Tag Archives: granny

1988. Granny’s gift

It was the year 2064. Mary (such an old-fashion, uncreative name for the 2060s) had come across some old (really old) family videos. They were in a box in the attic. At first she didn’t know what they were. Then a friend suggested they were videos and Mary spent quite some time going from expert to expert to find out how they should be played. Eventually a state-of-the-art studio managed to copy them for Mary onto her Clockdropia.

The first one she watched was labelled “The Family – 1991”. Mary didn’t recognize anyone in it, and presumed (even though the house with the attic where they were found had been in the family for generations) that the video was not of her own family.

The second video was more revealing. Mary recognized her late grandmother when her grandmother appeared to be in her teens. Grandmother was holding paper bags, and in them she said were wads of money. “Wads and wads of money. I’ll show you where I’m going to hide them so that a person in the future who finds and watches this video is welcome to get the money and become instantly rich!”

Would you believe! The paper bags were under a loose floorboard in the corridor cupboard. It was a miracle the house hadn’t burnt down accidentally or that the house hadn’t been sold or that someone hadn’t accidentally stumbled across the bags of money while returning the vacuum cleaner to the corridor cupboard. Mary went to the cupboard immediately.

There underneath the floorboards were bags. Inside each bag was an unbelievable pile of money. Mary counted it. It came to just over four hundred thousand dollars!

Goodness! It was 2064. What does one do with worthless paper money? Mary chucked everything into the dumpster.

1507: Granny Suzanne

Over the years Granny Suzanne had skein after half-used skein of left-over wool. In her younger days she had been a prolific knitter. These days, with rheumatism and fading eyesight, her knitting output wasn’t quite so productive.

Winter was setting in. She knew that her three grandchildren living with their mother “just down the road” would be feeling the cold. She couldn’t afford to pay for their heating, but she could knit, albeit with effort. She would knit warm clothes for her grandchildren and their mother.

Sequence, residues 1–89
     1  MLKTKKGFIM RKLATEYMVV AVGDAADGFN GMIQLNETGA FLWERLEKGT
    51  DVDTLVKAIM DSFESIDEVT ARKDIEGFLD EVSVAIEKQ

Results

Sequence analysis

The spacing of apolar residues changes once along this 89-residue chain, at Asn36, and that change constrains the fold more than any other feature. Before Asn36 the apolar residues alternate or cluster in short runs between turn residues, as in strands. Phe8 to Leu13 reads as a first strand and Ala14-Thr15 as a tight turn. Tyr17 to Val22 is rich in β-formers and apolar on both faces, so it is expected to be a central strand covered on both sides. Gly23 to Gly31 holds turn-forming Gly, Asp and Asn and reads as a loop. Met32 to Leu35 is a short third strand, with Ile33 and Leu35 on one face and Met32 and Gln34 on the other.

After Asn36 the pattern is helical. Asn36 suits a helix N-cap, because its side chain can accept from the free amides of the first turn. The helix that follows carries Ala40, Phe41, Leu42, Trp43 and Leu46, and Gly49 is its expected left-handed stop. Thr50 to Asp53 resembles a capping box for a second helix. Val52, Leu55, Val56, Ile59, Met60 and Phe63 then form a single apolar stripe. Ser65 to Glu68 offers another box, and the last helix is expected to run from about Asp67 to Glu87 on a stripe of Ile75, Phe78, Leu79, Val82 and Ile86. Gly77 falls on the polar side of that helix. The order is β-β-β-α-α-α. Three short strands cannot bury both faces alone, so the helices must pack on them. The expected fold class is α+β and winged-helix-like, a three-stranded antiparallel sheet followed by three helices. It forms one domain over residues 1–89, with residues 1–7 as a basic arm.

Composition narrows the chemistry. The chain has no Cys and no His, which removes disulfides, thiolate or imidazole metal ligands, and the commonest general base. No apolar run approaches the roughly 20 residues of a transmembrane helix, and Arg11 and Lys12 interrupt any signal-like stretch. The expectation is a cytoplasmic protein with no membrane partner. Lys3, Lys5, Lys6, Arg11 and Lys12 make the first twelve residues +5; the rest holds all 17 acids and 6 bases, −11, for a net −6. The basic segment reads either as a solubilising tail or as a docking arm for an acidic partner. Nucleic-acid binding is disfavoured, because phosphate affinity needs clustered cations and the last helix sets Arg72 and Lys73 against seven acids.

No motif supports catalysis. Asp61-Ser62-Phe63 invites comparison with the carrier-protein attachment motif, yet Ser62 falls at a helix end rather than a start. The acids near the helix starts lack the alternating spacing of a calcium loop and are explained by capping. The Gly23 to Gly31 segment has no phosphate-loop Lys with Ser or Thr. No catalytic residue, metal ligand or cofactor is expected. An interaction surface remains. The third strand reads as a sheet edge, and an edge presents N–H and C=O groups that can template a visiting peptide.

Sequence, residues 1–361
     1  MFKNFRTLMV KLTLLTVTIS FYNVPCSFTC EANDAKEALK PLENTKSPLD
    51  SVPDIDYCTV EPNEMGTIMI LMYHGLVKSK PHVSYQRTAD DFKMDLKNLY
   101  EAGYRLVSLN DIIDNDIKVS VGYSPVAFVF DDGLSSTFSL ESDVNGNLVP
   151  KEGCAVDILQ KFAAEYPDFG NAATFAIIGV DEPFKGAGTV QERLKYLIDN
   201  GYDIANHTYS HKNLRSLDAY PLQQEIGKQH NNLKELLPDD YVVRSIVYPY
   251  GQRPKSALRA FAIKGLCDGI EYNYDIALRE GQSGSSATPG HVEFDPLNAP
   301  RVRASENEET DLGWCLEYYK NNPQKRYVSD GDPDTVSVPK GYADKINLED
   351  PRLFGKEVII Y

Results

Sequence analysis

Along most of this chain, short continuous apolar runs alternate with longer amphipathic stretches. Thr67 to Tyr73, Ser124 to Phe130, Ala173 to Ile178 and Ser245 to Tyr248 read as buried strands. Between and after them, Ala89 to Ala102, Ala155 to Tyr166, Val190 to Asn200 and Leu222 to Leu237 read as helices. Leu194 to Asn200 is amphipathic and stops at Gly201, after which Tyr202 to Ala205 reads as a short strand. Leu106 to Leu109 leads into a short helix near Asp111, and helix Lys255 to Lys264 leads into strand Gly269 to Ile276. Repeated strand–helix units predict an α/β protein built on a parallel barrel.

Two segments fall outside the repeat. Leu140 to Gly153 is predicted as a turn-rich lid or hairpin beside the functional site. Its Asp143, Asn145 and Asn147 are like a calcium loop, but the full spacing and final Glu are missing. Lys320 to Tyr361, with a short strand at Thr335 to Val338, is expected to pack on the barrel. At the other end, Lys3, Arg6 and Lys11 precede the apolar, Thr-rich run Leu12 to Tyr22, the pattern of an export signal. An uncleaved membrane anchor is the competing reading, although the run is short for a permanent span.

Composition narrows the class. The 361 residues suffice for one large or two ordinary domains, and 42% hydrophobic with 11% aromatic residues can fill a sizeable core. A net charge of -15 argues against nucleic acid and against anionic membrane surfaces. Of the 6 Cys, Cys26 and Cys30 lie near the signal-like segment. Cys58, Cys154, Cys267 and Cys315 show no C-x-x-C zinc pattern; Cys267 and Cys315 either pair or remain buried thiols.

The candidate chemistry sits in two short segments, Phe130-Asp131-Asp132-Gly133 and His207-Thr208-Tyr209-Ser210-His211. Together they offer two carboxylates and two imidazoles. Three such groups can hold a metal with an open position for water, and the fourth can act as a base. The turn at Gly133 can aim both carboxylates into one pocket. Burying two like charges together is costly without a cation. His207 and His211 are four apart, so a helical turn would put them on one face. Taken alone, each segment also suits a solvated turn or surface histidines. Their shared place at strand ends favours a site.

Scarves, gloves, socks, and woollen hats were the order of the day! A bit of red, a flash of blue, a stitch or two of green… The job was done, and most of her leftover wool was used.

The grandchildren didn’t tell granny but they hated the items. “It looks like we’re street urchins,” they said to their mother. They threw the woollen items away and went to thank their grandmother. But when they visited their grandmother she was sitting in her armchair, dead.

She had died of the cold.

1034. Dudley comes to stay

Don’t get me wrong, Granny loved having her grandchildren come to stay. One at a time, you understand. At her age the last thing she wanted was to be worn to a frazzle looking after a large brood of pre-schoolers. She had fourteen grandchildren in all, but not all of them were little.

So little Dudley (“I’m going to be four in two months”) came to stay. Just for a day and a night.

It was ten in the evening. Granny had just gone to bed and turned out the bedside light, when a little voice next to her head said, “Granny can I get into bed with you? I feel sick.”

“Of course you can, dear,” said Granny.

Dudley’s breath was wheezy. He fell asleep cuddled up to Granny. Granny lay awake all night listening. In the morning Dudley was better.

“Thank you, Granny,” said Dudley as he kissed her goodbye.

“I love having you stay with me,” said Granny. But, oh, she was tired, so very tired.

576. Granny goes for a ride

© Bruce Goodman 9 May 2015

576granny

Granny was in a wheelchair. Well parts of her were. Her mind had long gone, and so were a couple of fingers and a toe.

Grandsons Vincent and Jude were all of nine. They thought they would take Granny for a ride. Granny loved it. They could tell. They pushed her all the way up the steep hill-track behind their house.

Oops!